Let's assume that cup B has a mass of 1 g, so the total mass it needs to displace for it to float is 101 g. When cup B is placed in cup A, the level of the water rises. With cup B floating, we mark the level of the water in cup A. We take out cup B and notice the level of water is lower. If we now add water to cup A to bring it up to the earlier level, we would need to add 101 g of water.

• I think what you said is true but that does not answer my question? Does displaced volume of displaced water in Archimedes principle mean the actual water displaced by the object or is it just the volume of water that is equivalent to the volume of object under water. Archimedes principle says volume of displaced water= volume of object under water but my confusion regarding the above question is what we actually mean by displaced water in this context – quantum Apr 6 '14 at 1:16
• What I was pointing out was that the water needed to fill to the same level is the displaced water so that cup B will float. $Does displaced volume of displaced water in Archimedes principle mean$ $the actual water displaced by the object ...?$ Yes it is the actual water displaced. $... or is it just the volume of water that is equivalent to the volume of object under water?$ It is the same. – LDC3 Apr 6 '14 at 1:32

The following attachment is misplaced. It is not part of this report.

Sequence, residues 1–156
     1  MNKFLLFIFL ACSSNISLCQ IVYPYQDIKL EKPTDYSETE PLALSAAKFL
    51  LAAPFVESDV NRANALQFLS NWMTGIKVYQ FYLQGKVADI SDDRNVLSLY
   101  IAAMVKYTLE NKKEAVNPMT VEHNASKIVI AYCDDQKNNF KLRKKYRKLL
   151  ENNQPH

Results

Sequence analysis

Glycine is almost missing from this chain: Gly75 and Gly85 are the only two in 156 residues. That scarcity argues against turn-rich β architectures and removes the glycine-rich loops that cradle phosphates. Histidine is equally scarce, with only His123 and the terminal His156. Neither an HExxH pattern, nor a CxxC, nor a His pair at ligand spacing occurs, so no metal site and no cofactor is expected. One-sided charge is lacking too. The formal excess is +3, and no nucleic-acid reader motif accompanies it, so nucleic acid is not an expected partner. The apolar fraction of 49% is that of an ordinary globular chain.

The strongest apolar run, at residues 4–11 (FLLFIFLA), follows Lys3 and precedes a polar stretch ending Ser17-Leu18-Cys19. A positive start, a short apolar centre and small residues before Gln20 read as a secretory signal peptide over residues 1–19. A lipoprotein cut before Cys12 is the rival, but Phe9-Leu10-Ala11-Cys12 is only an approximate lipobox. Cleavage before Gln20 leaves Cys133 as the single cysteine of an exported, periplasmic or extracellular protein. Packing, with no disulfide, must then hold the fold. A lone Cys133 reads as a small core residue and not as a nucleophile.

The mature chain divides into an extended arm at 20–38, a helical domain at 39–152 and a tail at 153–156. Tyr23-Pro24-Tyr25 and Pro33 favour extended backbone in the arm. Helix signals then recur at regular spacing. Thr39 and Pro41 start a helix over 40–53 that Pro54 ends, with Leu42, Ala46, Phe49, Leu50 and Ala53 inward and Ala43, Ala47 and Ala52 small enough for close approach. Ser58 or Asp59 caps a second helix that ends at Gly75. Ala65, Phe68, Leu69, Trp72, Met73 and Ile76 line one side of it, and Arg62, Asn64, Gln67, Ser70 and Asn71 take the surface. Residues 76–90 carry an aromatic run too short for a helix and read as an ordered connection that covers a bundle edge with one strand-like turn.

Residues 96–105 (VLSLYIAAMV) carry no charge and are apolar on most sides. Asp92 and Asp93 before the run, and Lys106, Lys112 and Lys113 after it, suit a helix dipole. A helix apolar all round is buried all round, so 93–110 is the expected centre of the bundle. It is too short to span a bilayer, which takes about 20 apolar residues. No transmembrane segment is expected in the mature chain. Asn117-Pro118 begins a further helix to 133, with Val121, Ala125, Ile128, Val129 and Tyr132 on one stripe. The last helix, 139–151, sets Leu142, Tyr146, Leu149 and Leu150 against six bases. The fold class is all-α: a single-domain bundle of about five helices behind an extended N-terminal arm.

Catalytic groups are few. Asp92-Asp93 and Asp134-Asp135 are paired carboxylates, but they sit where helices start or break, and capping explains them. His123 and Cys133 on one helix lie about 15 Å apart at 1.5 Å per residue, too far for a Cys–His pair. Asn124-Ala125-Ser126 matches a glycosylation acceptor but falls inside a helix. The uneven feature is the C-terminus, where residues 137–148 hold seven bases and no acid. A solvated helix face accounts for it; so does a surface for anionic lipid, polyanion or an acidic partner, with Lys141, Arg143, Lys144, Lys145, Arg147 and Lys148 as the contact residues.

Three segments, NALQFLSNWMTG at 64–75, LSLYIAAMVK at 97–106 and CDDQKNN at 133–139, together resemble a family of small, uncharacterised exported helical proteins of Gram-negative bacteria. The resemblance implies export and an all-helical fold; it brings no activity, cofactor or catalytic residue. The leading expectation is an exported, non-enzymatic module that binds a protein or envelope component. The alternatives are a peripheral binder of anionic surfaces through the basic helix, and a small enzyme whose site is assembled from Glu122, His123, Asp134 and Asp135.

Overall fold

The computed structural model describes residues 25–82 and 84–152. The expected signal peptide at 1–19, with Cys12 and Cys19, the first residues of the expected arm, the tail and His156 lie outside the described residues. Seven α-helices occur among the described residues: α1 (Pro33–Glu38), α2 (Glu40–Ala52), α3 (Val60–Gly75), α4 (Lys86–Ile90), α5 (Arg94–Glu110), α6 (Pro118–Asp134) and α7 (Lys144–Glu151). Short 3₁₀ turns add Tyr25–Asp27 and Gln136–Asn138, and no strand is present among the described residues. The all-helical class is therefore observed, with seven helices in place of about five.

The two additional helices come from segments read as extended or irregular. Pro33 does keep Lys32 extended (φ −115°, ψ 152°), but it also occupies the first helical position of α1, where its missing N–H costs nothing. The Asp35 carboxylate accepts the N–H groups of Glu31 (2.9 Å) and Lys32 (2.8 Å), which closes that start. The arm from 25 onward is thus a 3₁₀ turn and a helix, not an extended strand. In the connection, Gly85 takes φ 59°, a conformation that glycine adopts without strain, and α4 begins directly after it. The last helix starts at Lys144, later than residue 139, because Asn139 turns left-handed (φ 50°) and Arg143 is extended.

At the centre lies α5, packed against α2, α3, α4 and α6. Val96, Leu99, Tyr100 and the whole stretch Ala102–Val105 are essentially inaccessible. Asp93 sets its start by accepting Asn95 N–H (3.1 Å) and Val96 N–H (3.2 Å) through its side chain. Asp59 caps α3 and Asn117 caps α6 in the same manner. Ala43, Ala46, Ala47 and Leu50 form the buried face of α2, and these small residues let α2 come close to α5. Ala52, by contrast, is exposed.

Depth is what matters here.

1. It is a given that a partially filled cup will float in a body of water. Of course, that body just has to have enough depth to contain the immersion. If the cup requires X centimeters of depth in order to float, and the surface of the water is > X centimeters above the bottom of the larger container (taking into account the displacement caused by the immersion), then the cup will float.

2. The depth of the water is not restricted by the available volume. 50 grams of water can be displaced in such a way that sufficient depth is created to float a cup of 100 grams.